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2010 January 18

Modest recovery seen for shipping industry

PETALING JAYA: The shipping industry can expect a modest recovery this year in line with the improvement in the global economy.

The Maritime Institute of Malaysia research fellow Captain Rakish Suppiah said there were signs which supported the positive outlook for the shipping industry this year.

“In China, ports are seeing their highest congestion this month since July 2009.

“The number of capsize bulkers waiting to berth at Chinese iron ore ports hit a high of 45 vessels in July 2009, but for the last 15 days it has risen to 60.

“Globally, there are 27 capesize vessels waiting to load iron ore off Brazil and 23 vessels waiting to berth in Australia,” he told StarBiz.

Rakish said the recent Asean-China free trade agreement would also result in a surge of goods moving between Asean countries.

Citing a Credit Suisse report, he said the market outlook for offshore tanker storage was expected to be consistent this year.

“The amount of oil in tanker storage will remain a moving target due to several financial factors.

“The prospect of easy money from storing oil onboard ships to take advantage of the oil price contango has brought more than a few financial players into an arena that is traditionally dominated by major oil companies due to the large capital outlays,” he said.

“Other factors that would keep the floating storage trend going in 2010 were the projected weak tanker rates, a record new tanker fleet delivery and the phasing out of single-hulled tankers,” he added.

On the impact of the global economic recession, Rakish said the industry’s poor performance could be due to inaccurate forecasts of strong growth for 2008 and 2009.

“Players then rushed for new buildings and when the ‘bull bowed’ at the end of 2008 and the first quarter of 2009, there was notably a huge overcapacity of assets,” he said.

This resulted in freight rates and ship values staying at the rock-bottom level.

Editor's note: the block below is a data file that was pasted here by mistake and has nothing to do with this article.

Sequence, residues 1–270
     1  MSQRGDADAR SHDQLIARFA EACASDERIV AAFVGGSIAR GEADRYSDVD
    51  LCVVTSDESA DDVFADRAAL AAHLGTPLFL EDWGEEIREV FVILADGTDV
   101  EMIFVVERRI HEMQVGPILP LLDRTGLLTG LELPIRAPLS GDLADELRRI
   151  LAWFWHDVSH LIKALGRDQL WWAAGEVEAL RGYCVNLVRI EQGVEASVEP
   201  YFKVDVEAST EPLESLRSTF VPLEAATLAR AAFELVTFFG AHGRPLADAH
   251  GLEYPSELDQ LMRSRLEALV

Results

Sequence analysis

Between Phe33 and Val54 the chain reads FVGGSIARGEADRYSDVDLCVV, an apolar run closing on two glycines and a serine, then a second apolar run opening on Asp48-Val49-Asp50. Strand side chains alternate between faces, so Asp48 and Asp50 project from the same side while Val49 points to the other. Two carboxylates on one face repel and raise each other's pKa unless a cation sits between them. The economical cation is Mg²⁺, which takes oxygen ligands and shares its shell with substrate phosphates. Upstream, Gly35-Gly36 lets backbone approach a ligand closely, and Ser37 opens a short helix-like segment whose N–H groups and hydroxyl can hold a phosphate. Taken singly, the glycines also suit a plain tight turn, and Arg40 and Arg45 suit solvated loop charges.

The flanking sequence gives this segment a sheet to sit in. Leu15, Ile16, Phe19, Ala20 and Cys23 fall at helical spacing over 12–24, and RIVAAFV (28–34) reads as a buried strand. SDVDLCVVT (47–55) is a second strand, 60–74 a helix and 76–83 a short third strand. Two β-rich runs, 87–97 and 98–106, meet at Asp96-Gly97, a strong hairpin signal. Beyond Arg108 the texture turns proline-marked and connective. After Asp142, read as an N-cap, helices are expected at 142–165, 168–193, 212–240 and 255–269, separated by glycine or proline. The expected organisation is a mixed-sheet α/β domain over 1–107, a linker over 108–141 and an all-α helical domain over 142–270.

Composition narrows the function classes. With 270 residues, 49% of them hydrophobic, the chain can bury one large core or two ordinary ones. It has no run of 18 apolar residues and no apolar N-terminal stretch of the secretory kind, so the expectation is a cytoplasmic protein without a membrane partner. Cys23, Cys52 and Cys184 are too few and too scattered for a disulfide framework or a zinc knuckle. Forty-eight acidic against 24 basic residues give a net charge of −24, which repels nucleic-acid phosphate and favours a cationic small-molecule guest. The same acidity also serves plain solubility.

“By mid-2009, 50% of the vessels over 10,000 dead weight tonnes (dwt) in size built in China were delayed in delivery while 15% of similar sized vessels in South Korea was falling behind (delivery) schedule.

“The yards in these two countries represent 80% of all tanker deliveries worldwide,” he said.

Rakish noted that the container sector was worst hit when the total fleet reached about 130 million dwt while the demand for tonnage stood at only 112 million dwt, resulting in the utilisation rate falling to 72 million dwt of the total fleet last year.

“This has resulted in the collapse of charter and freight rates that had forced liner operators to scale down capacity, resulting in 10% of the container fleet now reported to be inactive,” he said.

Rakish said the global economic recession had also led to a 5% fall in seaborne oil volumes and even more tonne-mile terms.

On the other hand, he noted that the dry-bulk market in 2009 had performed stronger than expected.

“The main contributor to this was the high imports by China and a few other countries,” he said.

Meanwhile, Rakish said piracy and armed robbery would still be a fear factor to the industry.

“The rising incidence of piracy is another problem that is squeezing even more economically (out of) shipowners,” he said.

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